REstricted Fluid REsuscitation in Sepsis-associated Hypotension (REFRESH): Study protocol for a pilot randomised controlled trial

Stephen P.J. Macdonald*, David Mc D. Taylor, Gerben Keijzers, Glenn Arendts, Daniel M. Fatovich, Frances B. Kinnear, Simon G.A. Brown, Rinaldo Bellomo, Sally Burrows, John F. Fraser, Edward Litton, Juan Carlos Ascencio-Lane, Matthew Anstey, David McCutcheon, Lisa Smart, Ioana Vlad, James Winearls, Bradley Wibrow

*Corresponding author for this work

Research output: Contribution to journalArticleResearchpeer-review

24 Citations (Scopus)
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Abstract

Background: Guidelines recommend an initial intravenous (IV) fluid bolus of 30 ml/kg isotonic crystalloid for patients with sepsis and hypotension. However, there is a lack of evidence from clinical trials to support this. Accumulating observational data suggest harm associated with the injudicious use of fluids in sepsis. There is currently equipoise regarding liberal or restricted fluid-volume resuscitation as first-line treatment for sepsis-related hypotension. A randomised trial comparing these two approaches is, therefore, justified. 

Methods/design: The REstricted Fluid REsuscitation in Sepsis-associated Hypotension trial (REFRESH) is a multicentre, open-label, randomised, phase II clinical feasibility trial. Participants will be patients presenting to the emergency departments of Australian metropolitan hospitals with suspected sepsis and a systolic blood pressure of<100 mmHg, persisting after a 1000-ml fluid bolus with isotonic crystalloid. Participants will be randomised to either a second 1000-ml fluid bolus (standard care) or maintenance rate fluid only, with the early commencement of a vasopressor infusion to maintain a mean arterial pressure of>65 mmHg, if required (restricted fluid). All will receive further protocolised fluid boluses (500 ml or 250 ml, respectively), if required during the 6-h study period. The primary outcome measure is total volume administered in the first 6 h. Secondary outcomes include fluid volume at 24 h, organ support 'free days' to day 28, 90-day mortality, and a range of feasibility and process-of-care measures. Participants will also undergo serial measurement, over the first 24 h, of biomarkers of inflammation, endothelial cell activation and glycocalyx degradation for comparison between the groups.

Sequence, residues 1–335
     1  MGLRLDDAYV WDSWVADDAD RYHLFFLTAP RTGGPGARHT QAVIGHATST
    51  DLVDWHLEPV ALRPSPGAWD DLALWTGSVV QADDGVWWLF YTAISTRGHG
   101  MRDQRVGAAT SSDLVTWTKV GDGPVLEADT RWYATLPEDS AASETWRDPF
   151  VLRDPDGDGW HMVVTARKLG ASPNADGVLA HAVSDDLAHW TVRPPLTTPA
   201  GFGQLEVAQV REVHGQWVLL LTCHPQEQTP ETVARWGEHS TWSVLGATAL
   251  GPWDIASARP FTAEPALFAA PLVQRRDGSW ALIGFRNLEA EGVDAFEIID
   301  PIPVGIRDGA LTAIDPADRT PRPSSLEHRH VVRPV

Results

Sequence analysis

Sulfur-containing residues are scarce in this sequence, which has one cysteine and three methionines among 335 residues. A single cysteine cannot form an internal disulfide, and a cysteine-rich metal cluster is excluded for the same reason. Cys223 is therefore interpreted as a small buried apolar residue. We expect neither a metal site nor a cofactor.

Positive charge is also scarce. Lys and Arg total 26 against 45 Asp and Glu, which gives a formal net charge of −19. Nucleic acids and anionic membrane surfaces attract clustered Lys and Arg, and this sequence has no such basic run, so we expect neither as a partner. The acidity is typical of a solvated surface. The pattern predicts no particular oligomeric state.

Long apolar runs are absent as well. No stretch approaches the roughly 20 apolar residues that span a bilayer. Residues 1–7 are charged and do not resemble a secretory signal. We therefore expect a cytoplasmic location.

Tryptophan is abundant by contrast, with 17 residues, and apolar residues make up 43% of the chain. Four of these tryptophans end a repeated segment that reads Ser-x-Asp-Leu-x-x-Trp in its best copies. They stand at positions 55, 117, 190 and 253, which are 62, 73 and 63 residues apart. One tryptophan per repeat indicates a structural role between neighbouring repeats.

Discussion: This is the first randomised trial examining fluid volume for initial resuscitation in septic shock in an industrialised country. A pragmatic, open-label design will establish the feasibility of undertaking a large, international, multicentre trial with sufficient power to assess clinical outcomes. The embedded biomarker study aims to provide mechanistic plausibility for a larger trial by defining the effects of fluid volume on markers of systemic inflammation and the vascular endothelium. 

Trial registration: Australia and New Zealand Clinical Trials Registry, ID: ACTRN12616000006448. Registered on 12 January 2016.

Original languageEnglish
Article number399
JournalTrials
Volume18
Issue number1
DOIs
Publication statusPublished - 29 Aug 2017

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